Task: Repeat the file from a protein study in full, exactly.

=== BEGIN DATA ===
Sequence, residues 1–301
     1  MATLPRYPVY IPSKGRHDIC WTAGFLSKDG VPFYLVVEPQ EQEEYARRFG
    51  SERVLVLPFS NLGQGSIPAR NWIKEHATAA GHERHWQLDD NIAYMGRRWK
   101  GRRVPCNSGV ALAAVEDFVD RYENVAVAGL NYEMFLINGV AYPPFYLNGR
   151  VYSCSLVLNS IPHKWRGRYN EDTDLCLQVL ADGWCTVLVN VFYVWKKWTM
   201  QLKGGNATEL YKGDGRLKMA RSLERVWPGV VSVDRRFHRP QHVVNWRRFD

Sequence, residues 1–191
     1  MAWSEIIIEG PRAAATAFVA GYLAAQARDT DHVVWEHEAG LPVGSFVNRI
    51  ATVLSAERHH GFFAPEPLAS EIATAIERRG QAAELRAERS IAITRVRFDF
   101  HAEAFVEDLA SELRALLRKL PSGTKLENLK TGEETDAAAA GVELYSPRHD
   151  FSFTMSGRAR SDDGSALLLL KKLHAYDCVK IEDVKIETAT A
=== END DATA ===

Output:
Sequence, residues 1–301
     1  MATLPRYPVY IPSKGRHDIC WTAGFLSKDG VPFYLVVEPQ EQEEYARRFG
    51  SERVLVLPFS NLGQGSIPAR NWIKEHATAA GHERHWQLDD NIAYMGRRWK
   101  GRRVPCNSGV ALAAVEDFVD RYENVAVAGL NYEMFLINGV AYPPFYLNGR
   151  VYSCSLVLNS IPHKWRGRYN EDTDLCLQVL ADGWCTVLVN VFYVWKKWTM
   201  QLKGGNATEL YKGDGRLKMA RSLERVWPGV VSVDRRFHRP QHVVNWRRFD

Sequence, residues 1–191
     1  MAWSEIIIEG PRAAATAFVA GYLAAQARDT DHVVWEHEAG LPVGSFVNRI
    51  ATVLSAERHH GFFAPEPLAS EIATAIERRG QAAELRAERS IAITRVRFDF
   101  HAEAFVEDLA SELRALLRKL PSGTKLENLK TGEETDAAAA GVELYSPRHD
   151  FSFTMSGRAR SDDGSALLLL KKLHAYDCVK IEDVKIETAT A